Jan. 16, 2005

The first I noticed it was getting light was as we were coming up out of Mill Creek valley and out from under the forest canopy. The cloud cover was a solid blanket over everything, and the first thing that struck me was that the sky was light from east to west, and just as light in one as the other. The second thing was that the cloud cover seemed to almost glow with a soft blue light, and it was beautiful to be going up that mountain under those clouds. Then as the road topped the hill, we could see in the east that the clouds were pink in a thin strip on top of the hills at least a third of the way around the edge of the sky, from northeast to southwest, and then I knew we were in the right place.

We hurried along Fly Gap Road to a pullover, then walked down the hillside through a boulder field and a broken bluff, then veered to a certain rock outcrop with a three-trunked stunted oak growing out of it. Then for the next half hour or so I took photographs while Junie prowled and kept watch.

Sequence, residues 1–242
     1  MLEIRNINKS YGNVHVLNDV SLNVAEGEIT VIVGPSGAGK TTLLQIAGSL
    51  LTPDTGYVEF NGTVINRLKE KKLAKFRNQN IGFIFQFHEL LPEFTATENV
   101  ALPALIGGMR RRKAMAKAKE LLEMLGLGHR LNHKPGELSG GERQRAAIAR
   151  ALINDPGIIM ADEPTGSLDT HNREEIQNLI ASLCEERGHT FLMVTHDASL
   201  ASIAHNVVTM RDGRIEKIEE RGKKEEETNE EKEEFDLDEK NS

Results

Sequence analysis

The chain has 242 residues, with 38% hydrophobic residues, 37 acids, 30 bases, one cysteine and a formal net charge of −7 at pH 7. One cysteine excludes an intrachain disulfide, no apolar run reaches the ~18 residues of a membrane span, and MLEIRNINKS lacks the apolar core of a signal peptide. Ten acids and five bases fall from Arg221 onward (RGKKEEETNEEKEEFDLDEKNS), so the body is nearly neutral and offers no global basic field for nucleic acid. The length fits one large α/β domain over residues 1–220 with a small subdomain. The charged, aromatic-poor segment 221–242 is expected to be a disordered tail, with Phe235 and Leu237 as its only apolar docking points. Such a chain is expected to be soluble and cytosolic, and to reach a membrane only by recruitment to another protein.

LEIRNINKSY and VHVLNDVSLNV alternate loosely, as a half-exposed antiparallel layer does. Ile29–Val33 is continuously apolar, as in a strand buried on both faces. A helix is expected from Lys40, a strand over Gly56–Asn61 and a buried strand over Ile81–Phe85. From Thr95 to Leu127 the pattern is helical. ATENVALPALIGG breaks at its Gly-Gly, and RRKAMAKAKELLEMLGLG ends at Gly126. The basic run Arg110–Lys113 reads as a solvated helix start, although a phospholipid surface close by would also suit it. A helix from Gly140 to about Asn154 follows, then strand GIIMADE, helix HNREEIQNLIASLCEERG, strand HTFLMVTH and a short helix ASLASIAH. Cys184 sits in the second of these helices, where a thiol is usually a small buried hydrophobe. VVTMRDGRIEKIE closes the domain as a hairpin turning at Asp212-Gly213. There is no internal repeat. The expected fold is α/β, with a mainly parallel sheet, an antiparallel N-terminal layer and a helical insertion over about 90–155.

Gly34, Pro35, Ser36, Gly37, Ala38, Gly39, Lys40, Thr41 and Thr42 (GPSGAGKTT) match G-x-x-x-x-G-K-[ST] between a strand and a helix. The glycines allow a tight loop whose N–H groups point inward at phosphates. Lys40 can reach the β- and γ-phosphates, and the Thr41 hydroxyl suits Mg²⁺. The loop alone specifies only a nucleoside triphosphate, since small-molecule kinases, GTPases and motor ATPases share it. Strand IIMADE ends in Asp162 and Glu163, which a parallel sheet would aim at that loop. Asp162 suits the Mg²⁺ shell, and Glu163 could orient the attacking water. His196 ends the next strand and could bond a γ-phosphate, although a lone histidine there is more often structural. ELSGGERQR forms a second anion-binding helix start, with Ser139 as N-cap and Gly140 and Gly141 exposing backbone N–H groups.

When we both thought we were finished, I packed up the gear and started back up the hill, but before we had gone ten steps I looked back to see that creases were beginning to open up in the clouds, sending shafts of light down through the hazy air to the surrounding hills and the valley below us. Gentle reader, do I have to say I unpacked the gear again?
Later still, the cloud cover broke up more, and a brisk north wind sent white clouds hurtling and tumbling south through a blue sky. And as I packed up again, I noticed for the first time that this was an ice-beard morning, that my breath had frozen in my whiskers and moustache, and looking out across the valley towards the sun, I could see thousands of tiny falling snowflakes shimmering in the sunlight, and I laughed for joy to see such a thing, and to have ice in my beard here on this hilltop on such a morning.